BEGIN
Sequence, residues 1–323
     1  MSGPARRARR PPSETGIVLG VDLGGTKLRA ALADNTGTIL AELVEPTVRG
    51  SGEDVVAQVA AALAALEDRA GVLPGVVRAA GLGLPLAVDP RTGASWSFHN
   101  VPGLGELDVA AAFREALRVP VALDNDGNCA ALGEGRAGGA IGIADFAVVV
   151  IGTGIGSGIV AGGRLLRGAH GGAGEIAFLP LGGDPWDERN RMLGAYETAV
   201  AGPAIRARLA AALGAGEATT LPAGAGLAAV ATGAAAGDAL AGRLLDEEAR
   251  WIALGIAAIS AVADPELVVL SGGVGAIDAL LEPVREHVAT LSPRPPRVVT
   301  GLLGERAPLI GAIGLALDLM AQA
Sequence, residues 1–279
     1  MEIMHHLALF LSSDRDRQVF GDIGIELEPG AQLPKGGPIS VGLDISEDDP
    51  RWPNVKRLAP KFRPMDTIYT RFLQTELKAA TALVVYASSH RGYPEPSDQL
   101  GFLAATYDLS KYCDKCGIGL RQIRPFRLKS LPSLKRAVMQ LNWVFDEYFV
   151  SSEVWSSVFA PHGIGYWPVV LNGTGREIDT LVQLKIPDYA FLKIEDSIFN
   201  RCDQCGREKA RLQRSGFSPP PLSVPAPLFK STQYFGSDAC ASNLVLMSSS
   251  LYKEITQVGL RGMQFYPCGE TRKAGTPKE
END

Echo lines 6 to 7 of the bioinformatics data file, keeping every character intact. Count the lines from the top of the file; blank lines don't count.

   201  AGPAIRARLA AALGAGEATT LPAGAGLAAV ATGAAAGDAL AGRLLDEEAR
   251  WIALGIAAIS AVADPELVVL SGGVGAIDAL LEPVREHVAT LSPRPPRVVT